I understand such films like Rebel Without A Cause are touchy subjects for a great deal of people. It represented an era and a sort of cultural attitude–and that is forever noteworthy.

Regardless, the film is supremely dated, unequivocally incoherent, and lacking the animosity that, at the time, made for such upheaval and praise.

Great films stand the test of time. Configure and adapt within their screenplays to remain contemporary. Rebel Without A Cause wallows in obnoxious tyrants and teens that are far more obsessed with manhood than dignity.


✭✭ out of ✭✭✭✭

You can read all my writing at Duke & The Movies and follow me on twitter @DukeSensation 

11 November 2011

Review: J. Edgar


A sprawling bio-pic about one of history's most controversial figures directed by Clint Eastwood and written by an Academy Award winner seems like it should be one of the year's best pictures. However, films like J. Edgar prove that this is why movies are watched before their success is speculated on.

J. Edgar Hoover was not a well-liked man, he was intensely private and let personal prejudices color his mind when enforcing law. Despite his contempt for authority, he outlasted eight presidents and made the FBI one of the most powerful institutions in the United States. A man of public outstanding morals, it is ironic the most lasting legacy of the man is that he was a rumored cross-dresser. Even that isn't verified.

This much secrecy leaves Clint Eastwood and Dustin Lance Black in a tough spot trying to reveal some insight into a man that guarded. There isn't an issue inherent with dramatizing history, but when a film presents itself as an authoritative depiction of a man, audiences take issue.

Still, without a definitive portrait of the man, his story can be told through three very influential figures: Annie Hoover (Judi Dench), Clyde Tolson (Armie Hammer) and Helen Gandy (Naomi Watts).

His mother does her best to outdo Faye Dunaway as the worst film mother ever and Hoover's idiosyncrasies become all too clear. Later on in the film, when Hoover and Gandy go on a date, he spends his time showing her his prowess in cataloging. Their romantic relationship fizzles immediately, but she becomes his personal secretary for life. Hoover's introduction to Clyde seems to unfold in exactly the opposite fashion. Their romance is a subtle one and well-handled by the two talented leads.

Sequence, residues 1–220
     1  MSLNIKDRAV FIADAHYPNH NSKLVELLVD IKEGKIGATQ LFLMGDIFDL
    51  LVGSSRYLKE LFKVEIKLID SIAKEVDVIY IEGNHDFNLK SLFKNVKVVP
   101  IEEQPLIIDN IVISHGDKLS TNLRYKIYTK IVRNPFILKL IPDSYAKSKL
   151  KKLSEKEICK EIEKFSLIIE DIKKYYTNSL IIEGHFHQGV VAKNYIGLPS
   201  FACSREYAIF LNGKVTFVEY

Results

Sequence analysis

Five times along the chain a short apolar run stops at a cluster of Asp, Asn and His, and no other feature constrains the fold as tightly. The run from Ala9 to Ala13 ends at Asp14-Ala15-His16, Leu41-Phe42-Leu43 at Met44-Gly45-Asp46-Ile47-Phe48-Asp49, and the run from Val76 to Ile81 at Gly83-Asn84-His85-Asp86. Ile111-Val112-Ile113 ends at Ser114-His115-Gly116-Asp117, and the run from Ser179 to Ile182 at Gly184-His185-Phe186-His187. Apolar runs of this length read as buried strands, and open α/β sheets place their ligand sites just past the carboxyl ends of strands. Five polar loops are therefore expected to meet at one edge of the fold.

Leonardo DiCaprio, buried under make-up, does his damnedest to give an accurate reflection of a man who no one really knew. A man so restrained, if he were to let loose, he may very well explode. DiCaprio finds a maintained balance between the vicious self-loathing that plagued Hoover, and the imposing image he presented to the world.

Objectivity is hard to achieve in film, but Eastwood's handling of the material does suggest an even-handedness that is appreciated when covering such a divisive figure.

As good as the performances are, there are a few curious choices. Cinematographer Tom Stern envelopes the film in a murky stain that lends a sense of ugliness to the picture. J. Edgar shifts between decades early and often, but without any real reason. For many biopics this could add some fresh air to the proceedings, but for this film, it adds nothing.

What is most frustrating about J. Edgar isn't the poor makeup and odd chronological deviations, but that they consistently kill any momentum that Leonardo DiCaprio and Armie Hammer's strong performances build.

**1/2 out of ****

10 November 2011

'Haywire' Clip Kicks Ass

Unfortunately, only Entertainment Weekly has the trailer so you'll have to hit the link  below to witness Gina Carano grapple with Michael Fassbenderwatch this and tell me he shouldn't be the next Bond.

(Courtesy: EW)

09 November 2011

Review: Take Shelter


Curtis (Michael Shannon) has a good life: a loving wife, a daughter and a job with decent benefits. His nights as of late have been sleepless. Inescapable storms and faceless people linger threateningly in his dreamscape. He awakens, short of breath and covered in sweat.

Nothing is quite as frightening as the sight of a tornado cloud. No matter how far we run, a storm cloud will cover the distance. It is as if the fury of God is actively playing out against us. If a storm were to hit tomorrow Curtis and his family would have no place to hide. Leaving his family in a gulch is no substitute for a storm plan, so Curtis takes steps to update the shelter he has out back. It may cost some money, but they can't go without.

As plans are made without consulting his wife, Samantha (Jessica Chastain) everyone around him begins to worry. Loans are signed, money they don't have is spent on plywood. Their daughter, Hannah, is hearing impaired. She has a surgery that's been scheduled for months that they already can't afford, what is he doing?

Curtis's mother slipped into psychosis at a similar age, is he going already?

Mental illness or not, he won't give up his family. He can't be losing his mind, he's just providing for his family. To add to Curtis's distress, he can't seem to separate his dreams from reality. The editing of Take Shelter seamlessly blends the horrors of Curtis's nightmares with the minutiae of work, signing lessons and Lion's Club dinners.